Proposed GINA Regulations are Published

The Equal Employment Opportunity Commission (EEOC) has published in the Federal Register its proposed regulations for Title II of the Genetic Information Non-Discrimination Act (GINA). GINA – which, among other things, prohibits employment discrimination based on genetic information, bars the intentional acquisition of genetic information about applicants and employees, and imposes strict confidentiality requirements – mandates that the EEOC issue implementing regulations by May 21 of this year. Title II of GINA, which governs the employment provisions of the Act, takes effect on November 21, 2009.  Comments on the proposed regulations are due by May 1, 2009.

GINA was enacted on May 21, 2008 as Pub. L. 110-233, and codified at 42 U.S.C. 2000ff et. seq. Title I of GINA applies to group health plans sponsored by private employers, unions, and state and local government employers, among other entities. Title II prohibits genetic discrimination in the employment context, prohibiting the deliberate acquisition and disclosure of genetic information by employers. Title II also prevents employers from making adverse employment decisions based on an employee’s or applicant’s genetic information. In drafting implementing regulations for GINA, the EEOC borrowed many terms and concepts it has used for other employment anti-discrimination laws, such as the Americans with Disabilities Act (ADA) and Title VII of the Civil Rights Act.

The GINA proposed regulations are divided into 12 sections that will ultimately be codified at 29 C.F.R. § 1635. Although all areas are eligible for comment, the EEOC is seeking input in a few specific areas; particularly those the EEOC acknowledges certain terms and concepts that are unique to GINA which are outside the EEOC’s scope. In addition to consulting with the National Human Genome Research Institute, the EEOC is inviting comments regarding certain definitions particular to GINA. Of note, the definition of “genetic test” – an “analysis of human DNA, RNA, chromosomes, proteins, or metabolites that detects genotypes, mutations, or chromosomal changes” – contains terms that are not common in employment discrimination law. Other terms and phrases specific to GINA over which the EEOC welcomes comment include “family member,” “family medical history,” “genetic monitoring,” “genetic services,” and “manifestation” of a genetic condition or disease.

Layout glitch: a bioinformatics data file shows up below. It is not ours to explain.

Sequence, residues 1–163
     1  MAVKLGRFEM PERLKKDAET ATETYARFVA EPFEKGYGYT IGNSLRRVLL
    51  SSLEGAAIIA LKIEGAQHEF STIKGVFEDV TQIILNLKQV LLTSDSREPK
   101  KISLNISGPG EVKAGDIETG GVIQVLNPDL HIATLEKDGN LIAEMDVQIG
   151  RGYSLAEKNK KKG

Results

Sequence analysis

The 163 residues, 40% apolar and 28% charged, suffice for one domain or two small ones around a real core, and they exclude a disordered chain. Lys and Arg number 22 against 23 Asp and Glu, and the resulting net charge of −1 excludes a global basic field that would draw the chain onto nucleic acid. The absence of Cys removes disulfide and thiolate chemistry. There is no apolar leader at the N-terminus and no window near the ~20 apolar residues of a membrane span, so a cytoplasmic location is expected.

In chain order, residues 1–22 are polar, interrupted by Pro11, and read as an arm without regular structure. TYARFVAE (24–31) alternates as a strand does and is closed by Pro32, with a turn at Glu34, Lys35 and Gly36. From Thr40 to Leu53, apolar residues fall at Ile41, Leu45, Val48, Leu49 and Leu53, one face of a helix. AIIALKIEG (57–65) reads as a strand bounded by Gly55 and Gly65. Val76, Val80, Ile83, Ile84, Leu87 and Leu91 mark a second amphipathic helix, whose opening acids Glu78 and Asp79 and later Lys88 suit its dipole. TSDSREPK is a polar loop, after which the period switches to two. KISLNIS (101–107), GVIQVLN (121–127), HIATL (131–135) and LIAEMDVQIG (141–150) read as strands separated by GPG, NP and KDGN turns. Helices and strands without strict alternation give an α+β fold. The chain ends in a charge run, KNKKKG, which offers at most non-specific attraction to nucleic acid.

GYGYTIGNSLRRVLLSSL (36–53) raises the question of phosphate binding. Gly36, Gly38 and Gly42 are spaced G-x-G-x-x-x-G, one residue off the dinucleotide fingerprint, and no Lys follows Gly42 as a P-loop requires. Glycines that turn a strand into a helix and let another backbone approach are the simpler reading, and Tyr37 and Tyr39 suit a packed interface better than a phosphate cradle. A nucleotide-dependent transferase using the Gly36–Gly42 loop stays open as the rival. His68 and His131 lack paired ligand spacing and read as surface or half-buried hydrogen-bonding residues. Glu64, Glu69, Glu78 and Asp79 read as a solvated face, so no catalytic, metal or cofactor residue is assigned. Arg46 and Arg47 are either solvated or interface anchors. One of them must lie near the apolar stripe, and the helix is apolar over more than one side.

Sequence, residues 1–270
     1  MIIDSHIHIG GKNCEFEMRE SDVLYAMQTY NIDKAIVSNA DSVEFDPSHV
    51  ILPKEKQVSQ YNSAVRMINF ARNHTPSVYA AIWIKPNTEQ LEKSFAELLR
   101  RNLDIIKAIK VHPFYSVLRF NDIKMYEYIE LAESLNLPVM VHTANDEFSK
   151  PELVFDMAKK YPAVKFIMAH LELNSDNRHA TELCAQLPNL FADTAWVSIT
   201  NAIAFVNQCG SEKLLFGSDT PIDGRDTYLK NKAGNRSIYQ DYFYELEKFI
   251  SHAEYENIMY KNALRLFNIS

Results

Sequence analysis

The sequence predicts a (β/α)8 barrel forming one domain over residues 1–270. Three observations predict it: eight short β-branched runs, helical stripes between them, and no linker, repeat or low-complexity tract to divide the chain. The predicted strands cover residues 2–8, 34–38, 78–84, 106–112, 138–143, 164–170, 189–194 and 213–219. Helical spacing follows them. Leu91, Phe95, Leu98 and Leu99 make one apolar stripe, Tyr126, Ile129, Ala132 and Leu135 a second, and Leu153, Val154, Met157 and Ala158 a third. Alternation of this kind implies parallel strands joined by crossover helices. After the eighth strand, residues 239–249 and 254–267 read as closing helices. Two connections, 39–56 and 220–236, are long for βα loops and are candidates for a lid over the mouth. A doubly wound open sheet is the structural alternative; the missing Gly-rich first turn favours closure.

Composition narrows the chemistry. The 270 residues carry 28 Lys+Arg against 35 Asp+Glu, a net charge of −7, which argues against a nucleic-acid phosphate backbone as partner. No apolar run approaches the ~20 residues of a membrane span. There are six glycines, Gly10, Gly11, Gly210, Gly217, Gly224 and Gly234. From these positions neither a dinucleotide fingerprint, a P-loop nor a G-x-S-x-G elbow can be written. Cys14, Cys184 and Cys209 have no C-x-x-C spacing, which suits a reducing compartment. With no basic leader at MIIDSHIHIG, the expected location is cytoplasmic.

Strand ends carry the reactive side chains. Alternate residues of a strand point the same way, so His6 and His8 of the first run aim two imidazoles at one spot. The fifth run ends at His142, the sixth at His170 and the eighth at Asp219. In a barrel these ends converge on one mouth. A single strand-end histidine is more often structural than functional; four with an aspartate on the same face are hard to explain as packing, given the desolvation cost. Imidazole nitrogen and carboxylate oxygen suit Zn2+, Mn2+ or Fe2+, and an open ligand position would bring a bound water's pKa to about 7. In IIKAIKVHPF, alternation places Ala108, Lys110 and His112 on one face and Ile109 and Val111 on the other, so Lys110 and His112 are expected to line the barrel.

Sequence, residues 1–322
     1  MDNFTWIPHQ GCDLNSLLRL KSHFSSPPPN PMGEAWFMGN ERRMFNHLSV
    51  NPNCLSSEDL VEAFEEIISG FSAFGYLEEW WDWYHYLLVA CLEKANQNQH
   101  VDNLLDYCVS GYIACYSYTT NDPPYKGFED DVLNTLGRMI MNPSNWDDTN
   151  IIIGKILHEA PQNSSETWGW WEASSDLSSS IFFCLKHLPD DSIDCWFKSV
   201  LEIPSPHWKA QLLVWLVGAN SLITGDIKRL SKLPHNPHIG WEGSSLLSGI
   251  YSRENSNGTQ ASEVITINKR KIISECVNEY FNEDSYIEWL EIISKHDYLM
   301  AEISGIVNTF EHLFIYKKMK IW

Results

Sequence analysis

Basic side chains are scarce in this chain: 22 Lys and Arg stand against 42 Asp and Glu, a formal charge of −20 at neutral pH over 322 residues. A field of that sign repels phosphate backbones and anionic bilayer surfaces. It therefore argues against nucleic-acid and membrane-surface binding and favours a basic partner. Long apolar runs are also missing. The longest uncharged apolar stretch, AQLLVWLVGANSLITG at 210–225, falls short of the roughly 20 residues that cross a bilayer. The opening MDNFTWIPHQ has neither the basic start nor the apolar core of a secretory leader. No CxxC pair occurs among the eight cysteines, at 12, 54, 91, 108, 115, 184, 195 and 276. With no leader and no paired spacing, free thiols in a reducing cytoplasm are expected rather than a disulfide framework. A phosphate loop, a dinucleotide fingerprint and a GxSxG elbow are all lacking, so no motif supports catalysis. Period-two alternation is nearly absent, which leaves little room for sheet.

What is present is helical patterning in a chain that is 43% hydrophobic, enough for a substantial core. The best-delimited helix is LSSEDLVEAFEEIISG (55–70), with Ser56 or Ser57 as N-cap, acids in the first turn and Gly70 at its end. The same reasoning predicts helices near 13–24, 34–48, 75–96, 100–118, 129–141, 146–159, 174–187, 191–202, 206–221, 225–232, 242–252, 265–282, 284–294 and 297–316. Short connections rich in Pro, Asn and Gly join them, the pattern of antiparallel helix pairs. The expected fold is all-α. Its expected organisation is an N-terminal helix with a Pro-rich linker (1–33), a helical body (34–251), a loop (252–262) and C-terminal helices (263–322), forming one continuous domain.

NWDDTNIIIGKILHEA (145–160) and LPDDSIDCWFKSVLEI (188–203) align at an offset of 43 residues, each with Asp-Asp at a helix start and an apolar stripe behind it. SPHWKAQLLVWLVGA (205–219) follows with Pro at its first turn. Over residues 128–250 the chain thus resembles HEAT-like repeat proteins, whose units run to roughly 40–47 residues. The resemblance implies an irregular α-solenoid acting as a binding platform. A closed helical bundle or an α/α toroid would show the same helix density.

The regulations also clarify that a test to detect the presence of a virus that is not composed of DNA, RNA, chromosomes, proteins, or metabolites does not render it a “genetic test” under the Act, nor are drug and alcohol tests. The EEOC is seeking comment on whether other types of tests should be included/excluded from the “genetic test” umbrella.

Under GINA, an employer may not “request, require, or purchase genetic information” about an applicant or employee. One of the six exceptions to this rule under the Act includes any voluntary disclosure. The EEOC therefore seeks comment about how this voluntary exception would apply to a voluntary employer-provided wellness program.